Argued October 5, 1982
Decided November 16, 1982
Appeal from the Appellate Division of the Supreme Court in the Fourth Judicial Department, RICHARD N. DONOVAN, J.
S. Paul Battaglia for appellants.
Joseph A. Ryan and Carl T. Putzer for respondents.
Order affirmed, with costs, and question certified answered in the affirmative for reasons stated in the opinion by Justice RICHARD D. SIMONS at the Appellate Division ( 84 A.D.2d 470).
Concur: Judges JASEN, GABRIELLI, JONES, WACHTLER, FUCHSBERG and MEYER. Chief Judge COOKE dissents and votes to reverse in an opinion.
I agree that plaintiff is a private individual with respect to his defamation claim and that Chapadeau v Utica Observer-Dispatch ( 38 N.Y.2d 196) sets forth the applicable standard by which to measure defendants' conduct. Because plaintiff failed to make out a prima facie case under Chapadeau, defendants' motion for summary judgment should have been granted and the complaint dismissed. I, therefore, respectfully dissent.
Plaintiff raised no substantial question that defendants had not "acted in a grossly irresponsible manner without due consideration for the standards of information gathering and dissemination ordinarily followed by responsible parties" ( Chapadeau v Utica Observer-Dispatch, supra, at p 199). The unverified complaint contains mere general, conclusory statements. In the only affidavit submitted in opposition to defendants' motion, plaintiff's father stated that he told the defendant reporter that his son had not been arrested. Uncontradicted, however, were the reporter's sworn statements that the police chief confirmed that plaintiff "had indeed been arrested on a criminal mischief charge" and that the Town Justice told him "that `the case' was due to be heard in his court at a later date." Also uncontroverted is the reporter's statement that, when contacted by the reporter, plaintiff did not deny that he had been arrested and told the reporter merely "that the arrest `was all a joke * * * that was taken care of'".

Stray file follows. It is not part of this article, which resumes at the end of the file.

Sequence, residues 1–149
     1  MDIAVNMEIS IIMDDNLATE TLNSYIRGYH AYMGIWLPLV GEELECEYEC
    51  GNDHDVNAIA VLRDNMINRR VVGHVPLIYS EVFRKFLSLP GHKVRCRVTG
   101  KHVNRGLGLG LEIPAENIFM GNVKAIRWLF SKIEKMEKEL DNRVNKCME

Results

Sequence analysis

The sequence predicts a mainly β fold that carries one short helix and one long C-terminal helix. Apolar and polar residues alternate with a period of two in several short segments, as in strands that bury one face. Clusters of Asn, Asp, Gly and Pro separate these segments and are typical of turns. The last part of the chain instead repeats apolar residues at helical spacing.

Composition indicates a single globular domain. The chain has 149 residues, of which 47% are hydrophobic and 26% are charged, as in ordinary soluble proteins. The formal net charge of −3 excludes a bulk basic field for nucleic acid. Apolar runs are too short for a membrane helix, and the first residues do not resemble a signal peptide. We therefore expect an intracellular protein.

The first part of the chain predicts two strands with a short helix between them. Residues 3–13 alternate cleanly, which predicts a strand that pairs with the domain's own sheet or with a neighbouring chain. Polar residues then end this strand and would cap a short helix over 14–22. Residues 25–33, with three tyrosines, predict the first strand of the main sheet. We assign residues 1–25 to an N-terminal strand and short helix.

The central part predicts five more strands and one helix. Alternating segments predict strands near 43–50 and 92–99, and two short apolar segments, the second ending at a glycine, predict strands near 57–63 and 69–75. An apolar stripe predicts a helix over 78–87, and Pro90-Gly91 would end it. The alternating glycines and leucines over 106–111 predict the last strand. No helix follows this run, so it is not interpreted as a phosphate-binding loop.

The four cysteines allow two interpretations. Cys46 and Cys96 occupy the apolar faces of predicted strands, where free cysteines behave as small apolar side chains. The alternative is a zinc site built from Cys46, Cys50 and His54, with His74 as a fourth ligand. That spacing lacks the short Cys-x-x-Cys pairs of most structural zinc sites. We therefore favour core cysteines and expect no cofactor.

There is thus no triable issue as to whether defendants acted in a grossly irresponsible manner. The complaint should therefore have been dismissed. In light of this disposition, I find it unnecessary to determine the vitality and applicability of Edwards v National Audubon Soc. ( 556 F.2d 113, cert den sub nom. Edwards v New York Times Co., 434 U.S. 1002).
Order affirmed, etc.